U.S President Donald Trump walks past soldiers during a visit to U.S. Central Command at MacDill Air Force Base February 6, 2017 in Tampa, Florida. Sgt. Alan Belser/Zuma Press/PA Images. All rights reserved.
The first quarter of President Donald Trump’s mandate has shown that “America First” motto is, in reality, “Warriors First”. Since January 2017 the United States emphasis on military muscle, country-censuring, and pugnacious posturing –an emphasis that was already evident since the end of the Cold War and even more after September 11— has been accentuated. Trump is not an isolationist but a President willing to deploy its own version of primacy in times of eroding US hegemony. If primacy can be summarized as a grand strategy by which Washington does not tolerate, and must prevent, the rise of a serious challenger to US preponderance, then President George W. Bush played it vehemently, President Barack Obama tried to somehow calibrate it, and President Trump opted for an arrogant and aggressive version. Several indications point in that direction.
The first quarter of President Donald Trump’s mandate has shown that “America First” motto is, in reality, “Warriors First”.
First, the military presence is notorious in the cabinet. They are central figures in the Department of Defense (General Mattis) and the Department of Homeland Security (General Kelly), and at the National Security Council (General McMaster). Persons linked to, and involved with, the defense industry and lobbying hold relevant positions: among others, Heather Wilson (Department of Defense), Ben Cassidy (Department of Homeland Security) and Keith Kellogg (National Security Council). Hardliners of different class are key officials in the administration: anti-marriage equality, against transgender rights and planned parenthood, and pro-defunding HIV/AIDS programs Mike Pence (Vice-President), global warming denier Scott Pruitt (Environmental Protection Agency); climate change denier Mike Catanzaro (National Economic Council); pro-drug war and anti-immigration Jeff Sessions (Attorney General); supporter of immigration restrictions Julie Kirchner (Citizen and Immigration Services ombudswoman); staunch trade critic Peter Navarro (National Trade Council); and torture and abuse defender Mike Pompeo (CIA).
Second, the administration has decided to increase the defense budget by US $ 54 billion while cutting in items like education, health, environment, as well as international non-military assistance. In addition, and according to the network of civil society experts Forum for Arms Trade, the Defense Security Cooperation Agency, with the blessing of the Department of State, notified Congress a record of arms sales in the first four months of a government: US$ 9257.7 millions. Further more, President Trump signed a US$ 110 billion arms deal with Saudi Arabia’s autocratic regime of King King Salman bin Abdulaziz Al Saud.
The administration has decided to increase the defense budget by US $ 54 billion while cutting in items like education, health, environment, as well as international non-military assistance.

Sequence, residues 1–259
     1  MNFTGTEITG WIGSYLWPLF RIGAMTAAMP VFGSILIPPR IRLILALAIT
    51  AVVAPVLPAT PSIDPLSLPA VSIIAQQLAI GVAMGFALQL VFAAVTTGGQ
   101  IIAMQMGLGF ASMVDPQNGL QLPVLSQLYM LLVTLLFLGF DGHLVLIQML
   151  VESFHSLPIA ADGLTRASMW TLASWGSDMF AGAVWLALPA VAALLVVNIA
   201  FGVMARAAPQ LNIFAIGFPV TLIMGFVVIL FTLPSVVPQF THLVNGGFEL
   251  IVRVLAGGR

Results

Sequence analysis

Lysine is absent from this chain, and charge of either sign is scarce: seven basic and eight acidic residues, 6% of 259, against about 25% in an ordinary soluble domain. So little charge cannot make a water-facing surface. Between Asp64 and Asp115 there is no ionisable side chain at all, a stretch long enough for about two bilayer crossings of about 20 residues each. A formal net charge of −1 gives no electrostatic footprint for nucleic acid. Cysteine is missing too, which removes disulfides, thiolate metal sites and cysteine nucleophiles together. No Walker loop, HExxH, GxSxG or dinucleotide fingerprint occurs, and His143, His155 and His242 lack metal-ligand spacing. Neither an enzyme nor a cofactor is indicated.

Third, the Trump administration is very probably the least attentive on international human rights and democratic issues since the end of the Second World War. Human rights defense and promotion are neither vital nor secondary interests in US foreign policy. It is not a question of pure realpolitik or utter open amorality; it may be the result of a more complex and contradictory process that has to do with the gradual deterioration of US democracy at home and its projection abroad.
People protest on Friday, April 7, 2017 against the Trump Administration's military involvement in Syria. Erik McGregor/SIPA USA/PA Images. All rights reserved.
Fourth, and with no significant strategic purpose nor military impact, the Republican administration launched 59 Tomahawks missiles on Syria and the so-called "mother of all bombs" (MOAB in its acronym) over Afghanistan. Interestingly enough, new right-wing crusaders, old neoconservatives, and traditional liberals seem to agree on the utility of force per se, without any long-term military or political value.
The Trump administration is very probably the least attentive on international human rights and democratic issues since the end of the Second World War.
Fifth, Islamophobic language, warmongering rhetoric vis-à-vis Iran, leaks regarding a potential, unilateral military action against North Korea, Mexico-bashing, open criticisms of European allies such as Germany, ominous warnings for NATO, threats to terminate trade deal with South Korea, ambiguity with regards to post-conflict aid to, and support for, Colombia are, for example, regular comments and attitudes, both private and public, among high ranking government officials and the President himself as if bombastic, belligerent brinkmanship has become Washington preferred style of dealing with foes and friends alike.
Sixth, the Trump administration looks obsessive to be tough: tough on trade, tough on ISIS, tough on borders, tough on crime, tough on foreigners, tough on war, tough on enemies, tough on Cuba, tough on partners, tough on the environment, tough on China. But these fixations are not signaling the capacity to sustain and advance a realistic grand strategy; they are the symbol of material weakness, political disorientation, and misguided willingness.
Thus, in the end “Warriors first” is just a recipe for crisis, both domestic and international. Thus, and paradoxically, it is not that Washington should be more alert about what happens in the world; it is the world that should be concerned with what is going on in the United States.
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